Autonomy as the guiding aim of entrepreneurship education

Research output: Contribution to JournalArticleAcademicpeer-review

Abstract

Purpose: This paper has three purposes: first, to present a vision of entrepreneurship education that has the student's capacity for autonomous action as its ultimate aim; second, to convince the reader of the timeliness and relevance of such an approach; third, to outline how this can be implemented. Design/methodology/approach: The paper integrates several strands of literature: research on entrepreneurial autonomy, educational psychology, and entrepreneurship education. Findings: The importance of autonomy is suggested by research on entrepreneurial motivation and satisfaction, as well as by a range of societal trends that favour increased self-reliance. Two perspectives, self-determination theory and self-directed learning, provide leads about how to put autonomy centre stage in entrepreneurship education. Several implementation-related issues are discussed. These include trade-offs between guidance and freedom, information and pressure, the self and others, and choice and relevance; the effects of student behaviour on autonomy support by faculty; and the suitability of autonomy supportive entrepreneurship education for different kinds of students and educational settings. Practical implications: Teachers, schools and institutions wishing to adapt this approach need to adopt individualised, empowering approaches. Originality/value: It is novel to conceive of entrepreneurship education as an exercise in the service of the capacity for autonomous action. © Emerald Group Publishing Limited.
Original languageEnglish
Pages (from-to)710-721
Number of pages12
JournalEducation + Training
Volume52
Issue number8/9
DOIs
Publication statusPublished - 2010

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entrepreneurship
autonomy
education
educational psychology
student
educational setting
self-determination
Autonomy
Entrepreneurship education
methodology
trend
teacher
school
learning
Values
Group
Education

Cite this

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title = "Autonomy as the guiding aim of entrepreneurship education",
abstract = "Purpose: This paper has three purposes: first, to present a vision of entrepreneurship education that has the student's capacity for autonomous action as its ultimate aim; second, to convince the reader of the timeliness and relevance of such an approach; third, to outline how this can be implemented. Design/methodology/approach: The paper integrates several strands of literature: research on entrepreneurial autonomy, educational psychology, and entrepreneurship education. Findings: The importance of autonomy is suggested by research on entrepreneurial motivation and satisfaction, as well as by a range of societal trends that favour increased self-reliance. Two perspectives, self-determination theory and self-directed learning, provide leads about how to put autonomy centre stage in entrepreneurship education. Several implementation-related issues are discussed. These include trade-offs between guidance and freedom, information and pressure, the self and others, and choice and relevance; the effects of student behaviour on autonomy support by faculty; and the suitability of autonomy supportive entrepreneurship education for different kinds of students and educational settings. Practical implications: Teachers, schools and institutions wishing to adapt this approach need to adopt individualised, empowering approaches. Originality/value: It is novel to conceive of entrepreneurship education as an exercise in the service of the capacity for autonomous action. {\circledC} Emerald Group Publishing Limited.",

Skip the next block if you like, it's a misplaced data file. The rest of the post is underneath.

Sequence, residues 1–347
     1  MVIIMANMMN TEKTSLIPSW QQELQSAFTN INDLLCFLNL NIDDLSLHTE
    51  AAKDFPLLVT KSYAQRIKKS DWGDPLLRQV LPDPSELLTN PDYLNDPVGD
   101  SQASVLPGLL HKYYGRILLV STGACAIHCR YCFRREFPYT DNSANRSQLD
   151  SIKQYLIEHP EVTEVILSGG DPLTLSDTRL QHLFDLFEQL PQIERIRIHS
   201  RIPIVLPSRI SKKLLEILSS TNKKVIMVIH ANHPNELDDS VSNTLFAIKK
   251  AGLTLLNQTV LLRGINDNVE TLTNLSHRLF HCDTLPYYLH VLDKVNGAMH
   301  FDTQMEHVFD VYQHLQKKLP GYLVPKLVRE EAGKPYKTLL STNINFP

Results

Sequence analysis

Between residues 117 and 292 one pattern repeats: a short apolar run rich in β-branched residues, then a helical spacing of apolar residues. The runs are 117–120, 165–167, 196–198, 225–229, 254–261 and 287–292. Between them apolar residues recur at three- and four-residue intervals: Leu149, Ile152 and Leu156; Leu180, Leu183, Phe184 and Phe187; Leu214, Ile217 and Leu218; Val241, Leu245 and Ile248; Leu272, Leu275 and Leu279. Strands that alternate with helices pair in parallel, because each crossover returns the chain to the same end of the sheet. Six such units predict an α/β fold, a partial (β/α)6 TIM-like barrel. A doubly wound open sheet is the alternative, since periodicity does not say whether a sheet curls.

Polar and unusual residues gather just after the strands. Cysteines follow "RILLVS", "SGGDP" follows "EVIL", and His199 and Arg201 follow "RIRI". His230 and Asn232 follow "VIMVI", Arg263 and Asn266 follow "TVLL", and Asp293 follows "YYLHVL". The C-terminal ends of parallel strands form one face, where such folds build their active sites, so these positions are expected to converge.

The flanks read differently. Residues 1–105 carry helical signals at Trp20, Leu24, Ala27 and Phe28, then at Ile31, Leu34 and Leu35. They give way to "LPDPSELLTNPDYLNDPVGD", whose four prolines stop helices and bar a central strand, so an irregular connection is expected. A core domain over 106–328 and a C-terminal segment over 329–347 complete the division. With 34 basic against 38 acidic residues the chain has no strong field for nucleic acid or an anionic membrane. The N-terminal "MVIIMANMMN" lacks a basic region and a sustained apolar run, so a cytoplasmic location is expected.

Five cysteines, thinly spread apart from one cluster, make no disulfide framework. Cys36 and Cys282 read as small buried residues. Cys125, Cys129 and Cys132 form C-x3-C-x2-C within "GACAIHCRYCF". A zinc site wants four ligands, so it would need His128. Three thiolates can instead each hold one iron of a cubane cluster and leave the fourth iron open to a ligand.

author = "{van Gelderen}, M.W.",
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language = "English",
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pages = "710--721",
journal = "Education + Training",
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}

Autonomy as the guiding aim of entrepreneurship education. / van Gelderen, M.W.

In: Education + Training, Vol. 52, No. 8/9, 2010, p. 710-721.

Research output: Contribution to JournalArticleAcademicpeer-review

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AB - Purpose: This paper has three purposes: first, to present a vision of entrepreneurship education that has the student's capacity for autonomous action as its ultimate aim; second, to convince the reader of the timeliness and relevance of such an approach; third, to outline how this can be implemented. Design/methodology/approach: The paper integrates several strands of literature: research on entrepreneurial autonomy, educational psychology, and entrepreneurship education. Findings: The importance of autonomy is suggested by research on entrepreneurial motivation and satisfaction, as well as by a range of societal trends that favour increased self-reliance. Two perspectives, self-determination theory and self-directed learning, provide leads about how to put autonomy centre stage in entrepreneurship education. Several implementation-related issues are discussed. These include trade-offs between guidance and freedom, information and pressure, the self and others, and choice and relevance; the effects of student behaviour on autonomy support by faculty; and the suitability of autonomy supportive entrepreneurship education for different kinds of students and educational settings. Practical implications: Teachers, schools and institutions wishing to adapt this approach need to adopt individualised, empowering approaches. Originality/value: It is novel to conceive of entrepreneurship education as an exercise in the service of the capacity for autonomous action. © Emerald Group Publishing Limited.

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